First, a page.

While pumpkins were carefully transported from their spots in the parking lot to the scales and back, Burchette kept the crowd engaged with pumpkin-growing facts, such as in their peak growing period the giant fruit can grow 50 pounds a day, and if the pumpkins get too much water toward the end of the growing season, it can cause them to crack, which disqualifies them from weigh-in eligibility.
“Despite the weather, a good crowd came out to the Yadkin Valley Pumpkin Festival,” said Myra Cook, president of the sponsoring Yadkin Valley Chamber of Commerce. “There are lots of cute children to enjoy the pumpkin patch. We really appreciate the vendors who did brave the weather.”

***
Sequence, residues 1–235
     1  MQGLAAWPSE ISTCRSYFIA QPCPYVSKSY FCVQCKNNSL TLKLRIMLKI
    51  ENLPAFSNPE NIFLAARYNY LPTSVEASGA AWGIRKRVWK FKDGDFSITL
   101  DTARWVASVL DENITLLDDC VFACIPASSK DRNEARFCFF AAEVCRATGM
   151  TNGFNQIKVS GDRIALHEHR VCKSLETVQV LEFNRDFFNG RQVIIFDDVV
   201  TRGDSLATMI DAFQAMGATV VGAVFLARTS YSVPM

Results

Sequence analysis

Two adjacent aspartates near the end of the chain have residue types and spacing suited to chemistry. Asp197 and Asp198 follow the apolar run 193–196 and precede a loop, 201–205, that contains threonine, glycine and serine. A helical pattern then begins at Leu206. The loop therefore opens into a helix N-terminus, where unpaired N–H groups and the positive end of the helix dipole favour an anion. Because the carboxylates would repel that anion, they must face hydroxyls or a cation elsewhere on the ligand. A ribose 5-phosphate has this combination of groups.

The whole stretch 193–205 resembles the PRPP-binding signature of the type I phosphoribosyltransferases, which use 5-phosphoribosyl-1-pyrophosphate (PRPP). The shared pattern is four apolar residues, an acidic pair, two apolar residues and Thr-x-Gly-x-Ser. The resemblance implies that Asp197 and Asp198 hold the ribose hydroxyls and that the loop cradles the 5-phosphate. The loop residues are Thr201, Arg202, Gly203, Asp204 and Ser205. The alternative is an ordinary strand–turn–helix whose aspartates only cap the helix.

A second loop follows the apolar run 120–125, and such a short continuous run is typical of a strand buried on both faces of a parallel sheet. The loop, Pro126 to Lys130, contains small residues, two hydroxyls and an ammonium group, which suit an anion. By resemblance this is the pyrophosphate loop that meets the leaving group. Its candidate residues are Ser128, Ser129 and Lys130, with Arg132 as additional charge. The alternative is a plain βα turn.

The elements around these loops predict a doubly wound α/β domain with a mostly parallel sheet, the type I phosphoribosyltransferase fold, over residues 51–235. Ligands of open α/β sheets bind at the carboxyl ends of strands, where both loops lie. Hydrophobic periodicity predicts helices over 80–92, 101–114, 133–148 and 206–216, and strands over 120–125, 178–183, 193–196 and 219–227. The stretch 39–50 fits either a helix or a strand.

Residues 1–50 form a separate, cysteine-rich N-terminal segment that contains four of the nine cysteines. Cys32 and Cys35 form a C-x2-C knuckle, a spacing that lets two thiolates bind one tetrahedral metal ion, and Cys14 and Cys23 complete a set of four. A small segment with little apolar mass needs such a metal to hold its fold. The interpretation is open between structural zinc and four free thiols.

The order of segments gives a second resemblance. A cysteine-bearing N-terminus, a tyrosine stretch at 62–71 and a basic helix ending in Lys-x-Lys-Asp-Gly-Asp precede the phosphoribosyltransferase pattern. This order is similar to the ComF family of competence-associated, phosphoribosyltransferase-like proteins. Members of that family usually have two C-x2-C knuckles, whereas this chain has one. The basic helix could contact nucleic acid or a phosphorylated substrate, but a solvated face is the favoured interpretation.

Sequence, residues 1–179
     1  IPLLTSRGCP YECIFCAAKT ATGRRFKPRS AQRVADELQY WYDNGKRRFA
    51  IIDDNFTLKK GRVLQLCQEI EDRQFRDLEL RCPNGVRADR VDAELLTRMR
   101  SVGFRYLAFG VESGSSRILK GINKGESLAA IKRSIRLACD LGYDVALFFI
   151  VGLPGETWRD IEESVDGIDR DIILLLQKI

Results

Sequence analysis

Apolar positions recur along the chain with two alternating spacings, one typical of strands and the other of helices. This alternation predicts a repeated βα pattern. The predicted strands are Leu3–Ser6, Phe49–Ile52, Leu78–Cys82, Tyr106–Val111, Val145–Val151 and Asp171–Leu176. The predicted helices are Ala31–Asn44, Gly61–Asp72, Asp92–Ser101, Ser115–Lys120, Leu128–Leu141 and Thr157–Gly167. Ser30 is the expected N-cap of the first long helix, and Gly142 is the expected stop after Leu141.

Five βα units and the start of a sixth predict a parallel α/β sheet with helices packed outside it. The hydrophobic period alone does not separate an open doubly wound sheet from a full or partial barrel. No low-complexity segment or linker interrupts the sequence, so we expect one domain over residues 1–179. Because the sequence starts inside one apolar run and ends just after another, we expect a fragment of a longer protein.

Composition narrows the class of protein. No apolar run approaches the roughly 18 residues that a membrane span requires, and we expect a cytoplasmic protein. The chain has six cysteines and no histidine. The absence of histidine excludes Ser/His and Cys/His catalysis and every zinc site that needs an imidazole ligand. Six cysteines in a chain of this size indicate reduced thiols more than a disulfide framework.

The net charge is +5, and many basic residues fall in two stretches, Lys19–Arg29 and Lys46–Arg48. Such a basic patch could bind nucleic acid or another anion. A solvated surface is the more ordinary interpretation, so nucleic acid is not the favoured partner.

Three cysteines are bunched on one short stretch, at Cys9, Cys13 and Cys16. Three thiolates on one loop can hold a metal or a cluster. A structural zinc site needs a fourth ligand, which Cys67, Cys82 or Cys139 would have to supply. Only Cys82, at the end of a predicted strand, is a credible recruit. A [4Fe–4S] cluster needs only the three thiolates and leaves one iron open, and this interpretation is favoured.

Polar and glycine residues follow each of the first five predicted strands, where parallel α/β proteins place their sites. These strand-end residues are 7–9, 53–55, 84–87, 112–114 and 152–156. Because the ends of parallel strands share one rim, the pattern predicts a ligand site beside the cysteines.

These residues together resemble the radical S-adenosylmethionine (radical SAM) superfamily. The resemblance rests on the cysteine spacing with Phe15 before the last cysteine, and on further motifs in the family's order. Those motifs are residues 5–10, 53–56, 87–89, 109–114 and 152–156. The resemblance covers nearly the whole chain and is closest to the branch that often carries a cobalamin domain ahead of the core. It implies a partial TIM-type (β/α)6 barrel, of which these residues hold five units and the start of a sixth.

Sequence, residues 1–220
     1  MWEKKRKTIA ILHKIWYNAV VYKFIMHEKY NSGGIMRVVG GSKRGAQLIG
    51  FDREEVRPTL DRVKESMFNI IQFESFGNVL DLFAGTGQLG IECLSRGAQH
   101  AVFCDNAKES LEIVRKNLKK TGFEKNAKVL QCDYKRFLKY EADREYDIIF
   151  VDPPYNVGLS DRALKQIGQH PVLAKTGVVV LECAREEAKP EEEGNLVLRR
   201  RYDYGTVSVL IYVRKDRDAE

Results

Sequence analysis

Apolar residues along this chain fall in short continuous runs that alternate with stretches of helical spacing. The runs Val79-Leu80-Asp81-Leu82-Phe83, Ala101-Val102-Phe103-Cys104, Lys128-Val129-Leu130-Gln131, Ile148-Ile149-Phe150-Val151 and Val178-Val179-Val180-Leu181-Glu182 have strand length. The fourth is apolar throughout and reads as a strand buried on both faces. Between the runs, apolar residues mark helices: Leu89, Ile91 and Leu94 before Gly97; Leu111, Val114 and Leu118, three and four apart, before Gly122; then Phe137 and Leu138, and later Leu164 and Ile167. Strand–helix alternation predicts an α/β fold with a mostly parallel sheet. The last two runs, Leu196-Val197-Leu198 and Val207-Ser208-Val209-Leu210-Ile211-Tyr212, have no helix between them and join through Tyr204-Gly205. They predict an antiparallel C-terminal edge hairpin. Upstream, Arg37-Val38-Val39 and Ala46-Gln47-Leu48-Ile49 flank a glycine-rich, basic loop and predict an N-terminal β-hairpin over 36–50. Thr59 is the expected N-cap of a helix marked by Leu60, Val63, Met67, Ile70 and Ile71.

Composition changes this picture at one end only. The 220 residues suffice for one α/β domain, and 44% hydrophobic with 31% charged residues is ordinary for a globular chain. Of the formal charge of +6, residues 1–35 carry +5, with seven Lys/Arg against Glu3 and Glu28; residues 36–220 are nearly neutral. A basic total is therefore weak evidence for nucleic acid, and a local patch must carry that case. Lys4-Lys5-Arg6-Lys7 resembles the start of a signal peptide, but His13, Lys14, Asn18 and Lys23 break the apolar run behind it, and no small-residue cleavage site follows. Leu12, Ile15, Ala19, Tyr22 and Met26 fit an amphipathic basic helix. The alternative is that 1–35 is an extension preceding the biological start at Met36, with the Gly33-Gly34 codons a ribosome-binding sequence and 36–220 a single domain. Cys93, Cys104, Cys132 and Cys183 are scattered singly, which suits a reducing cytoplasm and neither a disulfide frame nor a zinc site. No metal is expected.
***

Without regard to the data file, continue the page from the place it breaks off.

One of those vendors, Gurney Royall and his family from Meadows of Dan, Virginia, has attended the festival every year since its beginning, bringing their apple butter made from apple pie apples they grow in their property near the Blue Ridge Parkway. The smell of the bubbling pot of cooking apple butter draws visitors to the festival to their booth each year.
Royall said this is only the third time he can recall the festival being rained on. In addition to the pumpkin festival, Royall and his family will be at the Brushy Mountain Apple Festival next weekend and the Autumn Leaves Festival the following weekend.
And in the pumpkin patch, set up under tents on the patio of the former 21 & Main building, children and grown-ups took a break from shopping to paint their own small pumpkin to take home.
Wendy Byerly Wood may be reached at 336-258-4035 or on Twitter @wendywoodeditor.